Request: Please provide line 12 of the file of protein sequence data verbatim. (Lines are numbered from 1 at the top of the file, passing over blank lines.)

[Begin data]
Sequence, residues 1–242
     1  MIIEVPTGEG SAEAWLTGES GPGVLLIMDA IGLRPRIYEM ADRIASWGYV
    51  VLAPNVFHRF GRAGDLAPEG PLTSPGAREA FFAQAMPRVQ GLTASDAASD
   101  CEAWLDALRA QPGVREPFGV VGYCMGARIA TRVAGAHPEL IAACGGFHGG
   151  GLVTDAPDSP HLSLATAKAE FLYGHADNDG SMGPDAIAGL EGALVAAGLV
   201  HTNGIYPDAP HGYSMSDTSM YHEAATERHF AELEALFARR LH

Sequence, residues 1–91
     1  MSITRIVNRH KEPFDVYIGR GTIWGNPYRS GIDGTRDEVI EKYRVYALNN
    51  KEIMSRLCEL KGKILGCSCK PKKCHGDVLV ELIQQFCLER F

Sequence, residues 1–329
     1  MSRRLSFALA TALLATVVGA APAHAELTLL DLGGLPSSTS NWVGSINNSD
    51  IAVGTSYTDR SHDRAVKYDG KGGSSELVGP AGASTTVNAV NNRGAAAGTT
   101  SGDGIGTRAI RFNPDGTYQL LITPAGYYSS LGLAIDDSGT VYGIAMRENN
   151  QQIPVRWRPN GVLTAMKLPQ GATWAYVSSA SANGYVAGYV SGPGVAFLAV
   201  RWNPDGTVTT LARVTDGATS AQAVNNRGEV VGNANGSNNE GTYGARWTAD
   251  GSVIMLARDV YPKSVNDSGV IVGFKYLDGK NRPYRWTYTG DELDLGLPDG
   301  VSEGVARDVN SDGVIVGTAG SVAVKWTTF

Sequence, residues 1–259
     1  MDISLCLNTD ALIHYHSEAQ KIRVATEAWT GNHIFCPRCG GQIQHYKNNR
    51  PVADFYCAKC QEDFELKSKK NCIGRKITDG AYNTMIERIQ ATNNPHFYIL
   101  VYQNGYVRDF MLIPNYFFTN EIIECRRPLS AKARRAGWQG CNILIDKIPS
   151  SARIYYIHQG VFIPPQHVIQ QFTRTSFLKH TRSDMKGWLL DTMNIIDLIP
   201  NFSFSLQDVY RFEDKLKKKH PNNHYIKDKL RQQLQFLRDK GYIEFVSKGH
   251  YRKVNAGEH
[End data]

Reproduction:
    51  IAVGTSYTDR SHDRAVKYDG KGGSSELVGP AGASTTVNAV NNRGAAAGTT